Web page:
By Thomas V. Giordano, D.C.
This case deals with the chiropractic treatment of an anesthesiologist,
who was referred to my care by a neurosurgeon for an acute phase
lumbosacralgia. An interesting, long-standing cervical syringomyelia
was treated concomitantly, with very satisfying results. The patient
has had no major complaints in over 6 months from his release
from care. A follow-up MRI of the cervical spine is still pending,
but deemed superfluous by the neurosurgeon.
On Friday, the 15th of March, 1996, Dr. Carmelo C., a married
42 year old, was accompanied (possibly forcibly!?!) to my chiropractic
office by Dr. Antonio M., a local neurosurgeon. Dr. Carmelo, specialized
in both orthopedic surgery and anesthesiology, was suffering from
an acute phase lumbosacralgia. He reported that he had a chronic,
intermittent central lumbalgia with no sciatic radiation for at
least 8 years. An underlying, chronic, gastroduodenitis prevented
the use of NSAIDS. Although Dr. M. suggested to his colleague
to seek chiropractic care, PT (US, TENS and axial mechanical traction)
was attempted for two weeks with a progressive increase in the
subjective complaint, as Dr. Carmelo was admittedly ignorant of
and unsure about chiropractic. The non-surgical nature of the
case was verified by Dr. M. prior to their consultation with me.
An added complication, was a 7-year (minimum)*, MRI-confirmed,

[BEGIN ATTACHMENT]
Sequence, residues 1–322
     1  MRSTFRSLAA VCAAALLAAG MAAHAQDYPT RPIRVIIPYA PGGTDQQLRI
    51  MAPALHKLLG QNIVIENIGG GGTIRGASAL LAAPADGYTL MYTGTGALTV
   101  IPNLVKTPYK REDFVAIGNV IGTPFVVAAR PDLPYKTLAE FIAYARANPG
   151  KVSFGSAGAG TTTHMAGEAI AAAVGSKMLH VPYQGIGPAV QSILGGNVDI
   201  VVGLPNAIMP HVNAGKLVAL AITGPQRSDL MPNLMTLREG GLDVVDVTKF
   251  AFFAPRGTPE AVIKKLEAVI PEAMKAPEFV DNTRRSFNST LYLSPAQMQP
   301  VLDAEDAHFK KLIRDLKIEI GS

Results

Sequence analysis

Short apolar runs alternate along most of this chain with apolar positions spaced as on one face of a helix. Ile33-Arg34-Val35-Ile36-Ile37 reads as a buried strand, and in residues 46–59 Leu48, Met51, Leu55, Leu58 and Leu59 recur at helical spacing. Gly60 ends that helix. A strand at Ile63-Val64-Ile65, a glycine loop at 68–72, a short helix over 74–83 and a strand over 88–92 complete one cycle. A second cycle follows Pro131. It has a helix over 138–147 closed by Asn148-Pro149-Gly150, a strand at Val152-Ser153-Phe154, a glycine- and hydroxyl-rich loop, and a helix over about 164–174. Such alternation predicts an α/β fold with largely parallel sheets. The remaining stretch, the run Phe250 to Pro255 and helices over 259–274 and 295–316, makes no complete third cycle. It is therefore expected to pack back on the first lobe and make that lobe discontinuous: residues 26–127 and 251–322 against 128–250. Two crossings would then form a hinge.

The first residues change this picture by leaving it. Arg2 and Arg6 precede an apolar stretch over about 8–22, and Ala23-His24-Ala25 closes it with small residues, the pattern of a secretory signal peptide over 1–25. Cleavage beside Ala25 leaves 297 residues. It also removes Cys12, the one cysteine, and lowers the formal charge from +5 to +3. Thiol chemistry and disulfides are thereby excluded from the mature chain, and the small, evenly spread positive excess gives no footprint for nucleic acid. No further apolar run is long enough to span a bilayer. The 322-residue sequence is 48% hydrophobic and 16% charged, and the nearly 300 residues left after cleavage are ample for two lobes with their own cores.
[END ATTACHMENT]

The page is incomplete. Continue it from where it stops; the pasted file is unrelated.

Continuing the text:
syringomyelia extending from C1 to C3. The doctor reported subjective
complaints of low-grade cephalgia, unilateral left cervicobrachial
paresis and formication and numbness of the left arm and hand
(globally manifested). Intermittent exacerbations were followed
immediately with MRI studies over the years, but Dr. M. refused
to intervene surgically for this complaint - for reasons I'll
discuss later in the conclusion of this report.
This, however, was not the chief complaint and was reported to
me with a certain resignation and acceptance. The low back complaint
was of primary concern to both men, as Carmelo was entering his
third week of sick leave from his hospital duties as chief anesthesiologist
in the neurosurgical division.
(* - That is to say, confirmed by MRI 7 years past. The lesion
is probably from a much earlier date.)
(N.B.: The examination was a relatively brief screen and performed
in the presence of the referring neurosurgeon.)
INSPECTION: Dr. Carmelo presented with an antalgic scoliosis with
a severe contracture of the right, lumbar paraspinal musculature.
Static postural analysis was not performed due to the severity
of the myospasm (this is my habit until the severity of the algic
state subsides). The left side of the face was slightly reddened
with some lacrimation to the left eye.